by Song Yu, Chen Jiabao
Driven by global zero emissions targets and Thailand's ambitions to gradually phase out fossil fuel cars, Chinese automakers are trying to shake a market that has long been dominated by Japanese players, by promoting pure electric vehicles (EVs).
At the ongoing Thailand International Motor Expo 2021 which runs through Dec. 12, one of China's biggest car manufacturers SAIC has unveiled its latest electric vehicle MG Cyberster, a concept car scheduled to start delivering in 2023, to beef up its EV lineup.
SAIC Thailand said its two imported EV models, MG ZS EV and MG EP, debuted in 2019, currently account for some 90 percent of the pure electric vehicle market in Thailand.
Zhang Haibo, president of SAIC Motor-CP Co. Ltd. and MG Sales (Thailand) Co. Ltd, expressed hope that Chinese EV producers can bring new dynamic to the traditionally Japanese dominated car market in the Southeast Asian country.
Thailand is aiming to significantly grow its EV market in hope of establishing 30 percent of its auto production as EV based. This move prompts Chinese carmakers such as SAIC and Great Wall Motors (GWM), both of which have entered the Thai market, to test the water with imported models and anticipate establishing production given sufficient demand.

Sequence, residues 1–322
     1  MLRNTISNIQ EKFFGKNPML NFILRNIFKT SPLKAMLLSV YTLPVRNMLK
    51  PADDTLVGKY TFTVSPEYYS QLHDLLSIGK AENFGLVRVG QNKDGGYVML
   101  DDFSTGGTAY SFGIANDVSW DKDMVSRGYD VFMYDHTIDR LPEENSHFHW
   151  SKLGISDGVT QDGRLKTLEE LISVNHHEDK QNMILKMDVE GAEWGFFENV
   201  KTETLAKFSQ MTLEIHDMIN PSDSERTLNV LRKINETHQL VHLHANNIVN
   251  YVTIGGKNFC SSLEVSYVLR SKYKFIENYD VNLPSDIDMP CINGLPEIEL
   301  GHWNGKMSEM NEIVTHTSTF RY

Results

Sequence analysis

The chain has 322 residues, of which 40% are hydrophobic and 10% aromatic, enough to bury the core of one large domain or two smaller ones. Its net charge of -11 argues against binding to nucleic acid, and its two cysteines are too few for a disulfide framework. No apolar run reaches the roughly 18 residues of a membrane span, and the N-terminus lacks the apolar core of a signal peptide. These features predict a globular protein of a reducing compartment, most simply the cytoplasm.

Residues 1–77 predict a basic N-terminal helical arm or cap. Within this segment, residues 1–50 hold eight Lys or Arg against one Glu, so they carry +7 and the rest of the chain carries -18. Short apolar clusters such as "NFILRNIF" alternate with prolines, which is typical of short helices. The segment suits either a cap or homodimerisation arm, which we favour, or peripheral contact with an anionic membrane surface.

GWM plans to launch nine hybrid and pure EV models within three years and establish a local industrial chain for EV production in the long run, Elliot Zhang, president of GWM ASEAN and Thailand told Xinhua.
The carmaker launched the Good Cat model through its EV sub-brand ORA not long before the motor expo, in mid-October. Nearly 2,000 pre-orders were placed by the end of November, according to GWM.
"Thai consumers are increasingly embracing EVs in line with global trends. The demand for EVs is likely to increase, especially in the mass market, by 2030," Kevalin Wangpichayasuk, assistant managing director of Kasikorn Research Center, said in a recent written interview with Xinhua.
However, Thailand's all-electric car market is still in the early stages due to higher prices and concerns over availability of charging stations, she added.
A free trade agreement between ASEAN (Association of Southeast Asian Nations) and China allows Chinese manufacturers to export EVs customs-free to Thailand, which supports the price competitiveness of Chinese EVs. However, once the EV market has become sizable in Thailand, Chinese and other foreign manufacturers will consider setting up local EV production lines.
"Japanese carmakers may have to increase their investment in EVs, if they want to maintain their mass customer segment here," Kevalin said. Currently, Japanese brands here still focus strongly on their existing production of fossil fuel and hybrid cars.
To tackle the EV-related infrastructure problems, the two Chinese companies of SAIC and GWM are working with Thai governmental bodies and enterprises in order to install more shared charging stations across the country, apart from their own exclusive charging points. These efforts have also helped them to build brand awareness among Thai consumers.
"Now when talking about electric cars, many people will think of Chinese brands," said Tawatchai, a car enthusiast at the motor expo, adding that if charging facilities are more widely available and the government offers sufficient incentives, "Thais will show more interest in electric vehicles, especially Chinese brands with high price-performance ratio."